Do Your Research


Straight off the top, I want it clear that, in the case of a scientific problem like a pandemic, I am in favour of following the experts. However, we have to be careful about worshipping at the feet of science. This is a dangerous attitude that we have inherited from an earlier era, before science screwed up the world by inventing man-made plagues, ways to extract oil from tar and shale, atomic bombs and the list goes on. Part of the cause of the anti-science movement is the “pat you on the head, please trust me” attitude of the scientific world. People don’t like to be patronized.

Do Your Research

The scientific community must be held responsible for the results, especially the social and moral ones, of their inventions. An informed public is the best way to do that, and people have to look for their information themselves. Google and Wikipedia are good for this. If someone is hand-feeding you information, they want something from you. FaceBook and TikTok are bad for this.


After all, about a hundred years ago there was a well-respected branch of science that enthused about improving the human race through selective breeding. To the scientists, it seemed a good idea. All sorts of fatal genetic flaws like sickle-cell anemia, Huntington’s Chorea and even colour blindness could be cured in a couple of generations simply by stopping the carriers of the genes from having children. Simple, yes?

Until, of course, they hit the point of who makes the decision as to which disease will be attacked. Fortunately for many of us, social consciousness was starting to take over the rulemaking process at that time, so we get to exist.

Who Needs a Lab?

There is a whole branch of statistical research that collects the data provided by the science labs and interprets it. And for the rest of us, it is up to us to educate ourselves to the best of our abilities in the facts and philosophies that influence the decisions that are made on our behalf. You don’t need a lab for that.

What Is Research?

There are two main elements to research: the finding of data and the interpretation of the data you found. It is essential to realize that these two elements come in that specific order. An unfortunate tendency skews the results of a lot of our research because we start with an idea and then go looking for data that supports it.

The Echo Chamber

This is how social media messes up the research process. The presenters of the information start out with the assumption that certain philosophies are true. They feed their clients data that proves it. The clients read the articles. Then the social media algorithms feed them more of the same.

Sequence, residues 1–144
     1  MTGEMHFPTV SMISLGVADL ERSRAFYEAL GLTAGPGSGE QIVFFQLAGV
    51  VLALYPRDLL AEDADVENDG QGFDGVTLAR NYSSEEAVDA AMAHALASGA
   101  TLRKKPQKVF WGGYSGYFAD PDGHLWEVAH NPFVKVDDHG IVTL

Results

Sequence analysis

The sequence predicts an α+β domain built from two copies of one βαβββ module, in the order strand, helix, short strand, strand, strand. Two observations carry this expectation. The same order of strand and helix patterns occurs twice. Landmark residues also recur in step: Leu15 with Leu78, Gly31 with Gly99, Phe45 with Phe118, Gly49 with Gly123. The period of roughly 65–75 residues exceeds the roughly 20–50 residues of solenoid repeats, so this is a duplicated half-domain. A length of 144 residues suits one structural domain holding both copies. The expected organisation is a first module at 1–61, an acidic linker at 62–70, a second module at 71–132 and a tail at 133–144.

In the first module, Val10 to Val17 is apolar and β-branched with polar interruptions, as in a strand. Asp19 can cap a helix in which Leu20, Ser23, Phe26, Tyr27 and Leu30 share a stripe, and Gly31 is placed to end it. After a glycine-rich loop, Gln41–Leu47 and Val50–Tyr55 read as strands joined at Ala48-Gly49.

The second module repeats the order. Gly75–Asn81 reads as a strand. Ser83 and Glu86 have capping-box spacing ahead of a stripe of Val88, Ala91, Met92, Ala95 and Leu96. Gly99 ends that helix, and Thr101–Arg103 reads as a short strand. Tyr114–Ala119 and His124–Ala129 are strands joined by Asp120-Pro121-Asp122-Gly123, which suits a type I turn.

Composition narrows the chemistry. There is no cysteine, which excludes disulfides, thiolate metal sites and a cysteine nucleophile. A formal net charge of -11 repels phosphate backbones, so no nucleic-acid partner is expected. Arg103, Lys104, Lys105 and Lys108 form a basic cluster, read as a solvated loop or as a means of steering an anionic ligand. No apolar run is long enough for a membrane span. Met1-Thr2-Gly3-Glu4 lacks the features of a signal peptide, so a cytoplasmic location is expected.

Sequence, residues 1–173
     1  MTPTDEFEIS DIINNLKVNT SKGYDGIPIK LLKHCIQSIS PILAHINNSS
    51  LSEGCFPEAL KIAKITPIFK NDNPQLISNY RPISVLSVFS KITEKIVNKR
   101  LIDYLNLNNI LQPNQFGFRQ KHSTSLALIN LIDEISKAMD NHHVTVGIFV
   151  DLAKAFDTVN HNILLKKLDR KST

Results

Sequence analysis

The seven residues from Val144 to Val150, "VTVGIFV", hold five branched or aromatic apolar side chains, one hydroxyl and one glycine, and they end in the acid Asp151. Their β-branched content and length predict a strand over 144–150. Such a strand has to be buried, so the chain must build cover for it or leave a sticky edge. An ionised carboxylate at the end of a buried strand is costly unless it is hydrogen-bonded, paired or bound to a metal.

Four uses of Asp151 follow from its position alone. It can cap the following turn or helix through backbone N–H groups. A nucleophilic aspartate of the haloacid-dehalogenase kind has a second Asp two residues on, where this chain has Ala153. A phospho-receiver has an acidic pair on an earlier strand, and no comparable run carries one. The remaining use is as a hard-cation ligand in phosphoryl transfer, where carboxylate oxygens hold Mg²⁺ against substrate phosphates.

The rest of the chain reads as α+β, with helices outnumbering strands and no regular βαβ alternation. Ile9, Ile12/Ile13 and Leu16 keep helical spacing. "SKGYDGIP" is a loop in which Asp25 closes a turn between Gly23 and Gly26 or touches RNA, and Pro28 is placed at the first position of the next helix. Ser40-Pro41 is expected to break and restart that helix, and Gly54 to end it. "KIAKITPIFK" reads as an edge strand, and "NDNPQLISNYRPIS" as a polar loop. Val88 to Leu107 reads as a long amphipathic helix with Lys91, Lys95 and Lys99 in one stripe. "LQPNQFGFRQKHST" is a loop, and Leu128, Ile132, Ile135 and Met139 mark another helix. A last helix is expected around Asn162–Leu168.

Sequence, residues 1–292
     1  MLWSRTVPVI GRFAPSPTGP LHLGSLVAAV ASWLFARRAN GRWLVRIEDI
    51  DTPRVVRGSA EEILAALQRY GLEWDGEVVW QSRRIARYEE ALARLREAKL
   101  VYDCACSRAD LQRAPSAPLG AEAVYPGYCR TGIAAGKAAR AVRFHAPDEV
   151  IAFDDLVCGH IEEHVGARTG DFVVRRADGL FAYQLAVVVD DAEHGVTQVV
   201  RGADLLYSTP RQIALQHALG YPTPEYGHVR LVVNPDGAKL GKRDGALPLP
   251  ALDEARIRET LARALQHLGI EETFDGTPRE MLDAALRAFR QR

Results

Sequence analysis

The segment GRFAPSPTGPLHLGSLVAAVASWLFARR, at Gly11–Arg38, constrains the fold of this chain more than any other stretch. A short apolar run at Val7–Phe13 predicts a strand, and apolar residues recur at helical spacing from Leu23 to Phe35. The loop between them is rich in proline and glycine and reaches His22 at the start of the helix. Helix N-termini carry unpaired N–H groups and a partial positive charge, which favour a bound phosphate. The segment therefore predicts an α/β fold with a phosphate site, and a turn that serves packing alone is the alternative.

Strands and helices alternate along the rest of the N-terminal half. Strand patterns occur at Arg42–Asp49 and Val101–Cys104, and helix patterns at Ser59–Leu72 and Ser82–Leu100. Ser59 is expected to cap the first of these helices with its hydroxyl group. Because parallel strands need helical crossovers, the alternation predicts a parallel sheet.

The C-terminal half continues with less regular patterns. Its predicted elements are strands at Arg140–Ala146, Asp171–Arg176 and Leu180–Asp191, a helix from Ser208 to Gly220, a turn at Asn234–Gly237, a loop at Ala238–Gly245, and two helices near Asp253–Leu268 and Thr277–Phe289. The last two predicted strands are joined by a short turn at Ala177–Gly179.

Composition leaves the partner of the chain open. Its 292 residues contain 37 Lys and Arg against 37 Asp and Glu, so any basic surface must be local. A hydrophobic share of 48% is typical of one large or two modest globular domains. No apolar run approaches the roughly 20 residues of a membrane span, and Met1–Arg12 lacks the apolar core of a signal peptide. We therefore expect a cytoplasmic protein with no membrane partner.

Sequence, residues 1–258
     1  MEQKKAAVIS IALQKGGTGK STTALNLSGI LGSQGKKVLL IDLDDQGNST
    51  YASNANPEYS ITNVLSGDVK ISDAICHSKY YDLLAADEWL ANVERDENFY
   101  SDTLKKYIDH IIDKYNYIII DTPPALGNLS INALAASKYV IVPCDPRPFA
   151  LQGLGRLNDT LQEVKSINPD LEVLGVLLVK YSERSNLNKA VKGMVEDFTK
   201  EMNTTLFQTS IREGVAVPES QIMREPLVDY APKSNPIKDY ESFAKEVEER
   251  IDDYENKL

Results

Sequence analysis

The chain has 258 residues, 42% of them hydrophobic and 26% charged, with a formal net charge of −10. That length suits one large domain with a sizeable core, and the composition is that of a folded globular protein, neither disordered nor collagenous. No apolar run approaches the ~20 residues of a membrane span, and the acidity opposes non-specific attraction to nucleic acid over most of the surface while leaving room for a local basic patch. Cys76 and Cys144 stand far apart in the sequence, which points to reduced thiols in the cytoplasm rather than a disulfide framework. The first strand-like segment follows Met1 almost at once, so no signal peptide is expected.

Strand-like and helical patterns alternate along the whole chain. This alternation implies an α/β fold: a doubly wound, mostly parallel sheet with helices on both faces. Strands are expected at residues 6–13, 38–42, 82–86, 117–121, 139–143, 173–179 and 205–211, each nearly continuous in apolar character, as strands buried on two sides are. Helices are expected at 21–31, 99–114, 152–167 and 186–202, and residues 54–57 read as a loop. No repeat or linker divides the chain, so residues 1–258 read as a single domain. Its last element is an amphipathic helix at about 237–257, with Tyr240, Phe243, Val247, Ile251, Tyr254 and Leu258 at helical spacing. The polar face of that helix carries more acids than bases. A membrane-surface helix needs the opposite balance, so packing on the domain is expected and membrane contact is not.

Follow the Money

Let’s take an example everyone can understand. If you have a sum of money that you want to invest, how do you decide where to invest it? Do you go on your email account or your Facebook feed to see what people are offering? I hope not, because you know your money would end up in some scammer’s pocket. How many stories do we hear about people having their life savings stolen by someone who came to them through their church or social group, with a “special offer?” These people have made the same mistake. They went about the decision-making process backwards and put their social group first and their financial fortunes second.

Going back to my first sentence, I firmly believe that the only person I can trust with my investments is a government-licensed expert in a reputable financial institution. But that doesn’t excuse me from doing my research independently on any opportunity that person suggests.

Your Opinion: a Valuable Commodity

And it is the same with your beliefs. Investigation without the influence of social media is crucial. A recent Sun Wing flight to the Caribbean gave us a good hint as to the kind of people social media influencers are. Their objectives are their own egos, their own reputations, and their own financial well-being. Not yours. Don’t spend your credibility lavishly.


And once you’ve found some information, be wary of who influences how you interpret it. This is where a regular perusal of the news media helps. Readers of my blogs know that I am partial to the CBC, and the At Issue panel specifically. This is a group of knowledgeable journalists, well-reputed in their own fields. They are up-front about their political leanings, and they give interesting and sometimes original interpretation on the dealings of the government, the economy, and the population. I don’t like their program because they agree with me. I am most pleased with them when I come away with an idea I had not thought of.

They are the antithesis to CNN, where the objective of the material and delivery is to feed viewers what they want to hear so they will keep viewing.

The Bottom Line

So yes, please continue to do your research. Don’t be afraid to hold the scientists with their feet to the fire if you think they’re out of line. But make it because of something you looked up and thought of yourself, not an idea that was planted in your head by those with completely different objectives.


“A little learning is a dangerous thing.” Don’t be quick to form opinions. There is a spot where you think you know what you’re talking about, but you don’t know what you don’t know. I am not familiar with the Star Tribune, but what this article says sounds reasonable.






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